Chris McLay.

Interaction designer and user experience consultant.

Projection at The Verandah

The Verandah was this years main music and festival club for the 2005 Festival of Perth. The projection system consisted of a basic rear projection screen behind the main stage. This was hooked up to a video feed (from a camera way back at the lighting desk) and a video generator similar to that found in iTunes in Windows Media Player.

What Worked?
The material that seemed to work best related to the performers dynamically – that is it had a strong visual and motional (?) relationship to the performers. Video generators that work up from behind the performers on stage (such as fire like or climbing images). This imagery seemed to have a respect for the context in which it was being used.

More generally, basic wash footage also worked well. Imagery such as water flowing or fabric moving, which added to the overall look of the stage without drawing your attention specifically from the rest of the performance. Also basic graphic images that seemed to work alongside and with the other stage effects such as lighting and smoke machines, creating an entire space for you to view, rather than a creating the image of a screen on a stage.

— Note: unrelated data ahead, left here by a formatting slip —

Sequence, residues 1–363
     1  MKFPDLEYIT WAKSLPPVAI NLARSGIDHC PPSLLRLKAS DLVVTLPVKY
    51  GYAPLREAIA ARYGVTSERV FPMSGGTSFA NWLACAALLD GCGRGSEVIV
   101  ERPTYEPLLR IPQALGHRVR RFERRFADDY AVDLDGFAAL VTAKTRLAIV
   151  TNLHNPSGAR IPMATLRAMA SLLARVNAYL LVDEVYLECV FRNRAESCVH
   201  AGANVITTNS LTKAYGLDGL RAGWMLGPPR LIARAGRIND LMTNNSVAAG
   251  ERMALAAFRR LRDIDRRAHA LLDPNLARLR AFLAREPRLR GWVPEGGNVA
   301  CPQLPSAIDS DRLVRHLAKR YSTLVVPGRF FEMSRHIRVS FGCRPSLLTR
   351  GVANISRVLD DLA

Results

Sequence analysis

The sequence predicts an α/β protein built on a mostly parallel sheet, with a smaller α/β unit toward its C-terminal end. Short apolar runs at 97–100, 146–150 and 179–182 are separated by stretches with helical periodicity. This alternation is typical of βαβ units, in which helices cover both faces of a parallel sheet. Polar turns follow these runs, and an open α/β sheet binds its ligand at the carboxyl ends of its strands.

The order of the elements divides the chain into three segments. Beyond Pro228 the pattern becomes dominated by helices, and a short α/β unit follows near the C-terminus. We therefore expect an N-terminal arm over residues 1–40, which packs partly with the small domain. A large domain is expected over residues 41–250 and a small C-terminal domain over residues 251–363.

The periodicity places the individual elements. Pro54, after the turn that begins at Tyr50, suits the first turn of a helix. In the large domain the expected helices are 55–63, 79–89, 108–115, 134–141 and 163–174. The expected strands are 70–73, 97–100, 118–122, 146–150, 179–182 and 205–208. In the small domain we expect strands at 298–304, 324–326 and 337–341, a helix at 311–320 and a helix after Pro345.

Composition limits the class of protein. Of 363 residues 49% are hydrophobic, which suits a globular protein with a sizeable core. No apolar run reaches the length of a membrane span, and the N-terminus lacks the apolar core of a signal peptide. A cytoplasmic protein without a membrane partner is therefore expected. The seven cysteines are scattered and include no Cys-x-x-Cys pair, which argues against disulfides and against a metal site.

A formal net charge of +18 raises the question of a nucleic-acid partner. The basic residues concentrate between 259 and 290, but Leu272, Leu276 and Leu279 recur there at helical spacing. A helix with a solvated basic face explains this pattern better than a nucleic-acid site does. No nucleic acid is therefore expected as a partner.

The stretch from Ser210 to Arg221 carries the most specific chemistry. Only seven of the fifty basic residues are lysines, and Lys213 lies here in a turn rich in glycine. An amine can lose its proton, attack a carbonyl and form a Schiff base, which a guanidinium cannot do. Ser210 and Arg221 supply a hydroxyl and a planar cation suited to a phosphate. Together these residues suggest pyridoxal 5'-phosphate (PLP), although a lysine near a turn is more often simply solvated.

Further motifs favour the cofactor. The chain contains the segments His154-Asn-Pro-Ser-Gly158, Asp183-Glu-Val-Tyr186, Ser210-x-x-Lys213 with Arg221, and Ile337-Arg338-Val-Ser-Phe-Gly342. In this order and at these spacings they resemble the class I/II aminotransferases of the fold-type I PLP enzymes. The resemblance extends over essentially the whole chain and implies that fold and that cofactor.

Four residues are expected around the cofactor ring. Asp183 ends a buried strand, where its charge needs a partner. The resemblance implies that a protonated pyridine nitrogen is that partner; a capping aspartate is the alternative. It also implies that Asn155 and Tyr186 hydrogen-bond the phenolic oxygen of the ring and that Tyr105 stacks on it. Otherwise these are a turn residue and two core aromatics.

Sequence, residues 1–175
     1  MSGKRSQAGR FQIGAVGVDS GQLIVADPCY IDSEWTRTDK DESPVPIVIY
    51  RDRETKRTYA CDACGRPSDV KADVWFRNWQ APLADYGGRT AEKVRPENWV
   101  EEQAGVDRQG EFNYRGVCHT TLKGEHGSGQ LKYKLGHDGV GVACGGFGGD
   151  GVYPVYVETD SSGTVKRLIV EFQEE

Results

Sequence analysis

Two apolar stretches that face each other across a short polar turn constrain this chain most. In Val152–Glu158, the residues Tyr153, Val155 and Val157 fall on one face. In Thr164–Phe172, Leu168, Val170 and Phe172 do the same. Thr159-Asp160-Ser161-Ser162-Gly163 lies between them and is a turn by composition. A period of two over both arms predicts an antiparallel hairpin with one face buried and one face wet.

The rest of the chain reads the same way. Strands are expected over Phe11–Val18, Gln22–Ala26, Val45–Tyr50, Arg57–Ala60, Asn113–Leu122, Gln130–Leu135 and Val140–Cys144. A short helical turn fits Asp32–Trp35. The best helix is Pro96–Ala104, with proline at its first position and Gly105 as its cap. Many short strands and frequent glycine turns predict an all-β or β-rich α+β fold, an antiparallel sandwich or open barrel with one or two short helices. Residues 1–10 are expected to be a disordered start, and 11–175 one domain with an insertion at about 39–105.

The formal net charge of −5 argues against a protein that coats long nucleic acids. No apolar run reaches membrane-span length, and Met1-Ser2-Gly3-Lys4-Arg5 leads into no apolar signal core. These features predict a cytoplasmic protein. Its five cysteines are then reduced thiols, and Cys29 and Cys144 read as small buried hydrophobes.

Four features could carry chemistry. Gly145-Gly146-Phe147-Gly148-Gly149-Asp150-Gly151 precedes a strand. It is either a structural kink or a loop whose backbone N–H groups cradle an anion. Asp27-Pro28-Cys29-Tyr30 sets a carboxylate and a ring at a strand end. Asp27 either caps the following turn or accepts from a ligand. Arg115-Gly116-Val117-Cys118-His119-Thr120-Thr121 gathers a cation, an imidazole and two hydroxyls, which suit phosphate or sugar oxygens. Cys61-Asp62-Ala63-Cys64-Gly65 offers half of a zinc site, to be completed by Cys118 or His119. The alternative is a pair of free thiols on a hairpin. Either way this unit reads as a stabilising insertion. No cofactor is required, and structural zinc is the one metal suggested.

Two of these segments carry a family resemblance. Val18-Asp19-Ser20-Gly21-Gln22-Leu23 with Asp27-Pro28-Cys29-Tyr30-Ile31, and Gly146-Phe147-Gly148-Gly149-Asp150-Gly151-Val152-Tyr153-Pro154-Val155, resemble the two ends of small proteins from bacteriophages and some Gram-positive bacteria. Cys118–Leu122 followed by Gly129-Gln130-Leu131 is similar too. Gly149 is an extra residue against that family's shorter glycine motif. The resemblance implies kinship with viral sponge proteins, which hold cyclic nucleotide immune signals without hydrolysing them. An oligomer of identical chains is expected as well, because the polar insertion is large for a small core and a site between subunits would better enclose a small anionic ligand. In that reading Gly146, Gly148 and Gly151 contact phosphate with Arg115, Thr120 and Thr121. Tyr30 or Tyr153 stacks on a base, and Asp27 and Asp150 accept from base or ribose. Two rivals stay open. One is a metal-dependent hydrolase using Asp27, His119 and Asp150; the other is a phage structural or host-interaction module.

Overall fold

The visual footage was also useful during gaps in the show, or when the stage was empty with only a DJ off to one side.

What didn’t work?
Most of the time I felt that the screen was not working well and should have been replaced by some sort of basic stage backdrop.

Technically the screen had trouble being bright enough to cope with the stage lighting, and often looked dull and faded in comparison to everything else on stage. Also most likely from a technical point of view, the video generator which appeared to be taking a feed from the stage audio and syncing the visuals, was so far out of sync it was hard to tell if it was one second or five seconds behind. This made these effects quite ordinary, and occasionally jarring to watch.

Most of all the screen looked like someone had set up a giant laptop behind the stage in a fit off “geeky excitement” without much consideration for what to put on it, or how it would relate to the performers in front of it.

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